In complexity theory, ZPP (Zero-error Probabilistic Polynomial time) is the set of problems for which a probabilistic Turing machine exists with these properties:

  • It always returns the correct YES or NO answer
  • The running time is random, but on average is polynomial

In other words, the algorithm is allowed to flip a truly-random coin while it's running. It always returns the correct answer. For a problem of size n, there is some polynomial p(n) such that the average running time will be less than p(n), even though it might occasionally be much longer.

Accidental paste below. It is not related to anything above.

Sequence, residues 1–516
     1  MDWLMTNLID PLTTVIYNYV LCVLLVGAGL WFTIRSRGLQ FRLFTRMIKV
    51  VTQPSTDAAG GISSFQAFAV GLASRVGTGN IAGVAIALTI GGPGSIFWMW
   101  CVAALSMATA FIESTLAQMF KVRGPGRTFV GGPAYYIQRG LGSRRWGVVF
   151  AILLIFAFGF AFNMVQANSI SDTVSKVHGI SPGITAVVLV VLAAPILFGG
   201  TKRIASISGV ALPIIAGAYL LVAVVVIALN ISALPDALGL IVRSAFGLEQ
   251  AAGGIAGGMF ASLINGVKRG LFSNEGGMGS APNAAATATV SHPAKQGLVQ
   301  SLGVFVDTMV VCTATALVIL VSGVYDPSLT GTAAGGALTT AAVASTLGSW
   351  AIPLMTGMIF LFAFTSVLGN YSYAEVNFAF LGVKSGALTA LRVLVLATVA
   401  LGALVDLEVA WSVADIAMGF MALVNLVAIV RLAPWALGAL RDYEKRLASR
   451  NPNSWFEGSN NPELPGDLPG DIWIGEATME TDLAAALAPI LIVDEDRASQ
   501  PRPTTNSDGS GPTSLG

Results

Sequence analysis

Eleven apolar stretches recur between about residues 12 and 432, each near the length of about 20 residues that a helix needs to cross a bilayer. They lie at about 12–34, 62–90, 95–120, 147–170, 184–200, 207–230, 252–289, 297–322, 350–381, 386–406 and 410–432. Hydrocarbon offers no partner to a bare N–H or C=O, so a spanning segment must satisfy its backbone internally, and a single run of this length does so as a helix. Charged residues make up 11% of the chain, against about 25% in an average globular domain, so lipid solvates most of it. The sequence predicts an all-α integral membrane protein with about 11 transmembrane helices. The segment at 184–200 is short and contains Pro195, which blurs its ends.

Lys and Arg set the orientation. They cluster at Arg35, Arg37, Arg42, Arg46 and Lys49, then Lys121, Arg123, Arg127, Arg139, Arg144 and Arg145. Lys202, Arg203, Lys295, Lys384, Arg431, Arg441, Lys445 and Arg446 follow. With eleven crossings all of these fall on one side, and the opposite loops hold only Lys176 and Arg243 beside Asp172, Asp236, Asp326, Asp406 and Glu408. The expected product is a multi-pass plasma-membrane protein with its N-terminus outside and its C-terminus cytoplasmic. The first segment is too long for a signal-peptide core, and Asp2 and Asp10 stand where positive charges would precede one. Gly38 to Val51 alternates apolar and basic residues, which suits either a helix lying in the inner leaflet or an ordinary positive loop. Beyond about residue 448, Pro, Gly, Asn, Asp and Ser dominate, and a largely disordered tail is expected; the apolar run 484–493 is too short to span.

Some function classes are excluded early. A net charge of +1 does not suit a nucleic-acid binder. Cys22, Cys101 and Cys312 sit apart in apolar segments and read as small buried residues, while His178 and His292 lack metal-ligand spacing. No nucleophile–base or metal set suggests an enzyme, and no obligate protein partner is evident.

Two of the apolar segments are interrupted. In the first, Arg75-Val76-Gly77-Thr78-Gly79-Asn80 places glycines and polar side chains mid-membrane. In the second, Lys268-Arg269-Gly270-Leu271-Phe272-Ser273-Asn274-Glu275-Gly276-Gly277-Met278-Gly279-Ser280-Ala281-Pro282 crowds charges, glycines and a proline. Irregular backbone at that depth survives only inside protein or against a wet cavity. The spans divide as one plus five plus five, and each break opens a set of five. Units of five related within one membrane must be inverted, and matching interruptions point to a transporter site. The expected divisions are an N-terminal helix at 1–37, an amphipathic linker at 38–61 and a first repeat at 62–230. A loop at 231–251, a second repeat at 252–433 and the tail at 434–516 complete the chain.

The class ZPP is exactly equal to the intersection of the classes RP and Co-RP.

The definition of ZPP is based on probabilistic Turing machines. Other complexity classes based on them include BPP and RP. The class BQP is based on another machine with randomness: the quantum computer.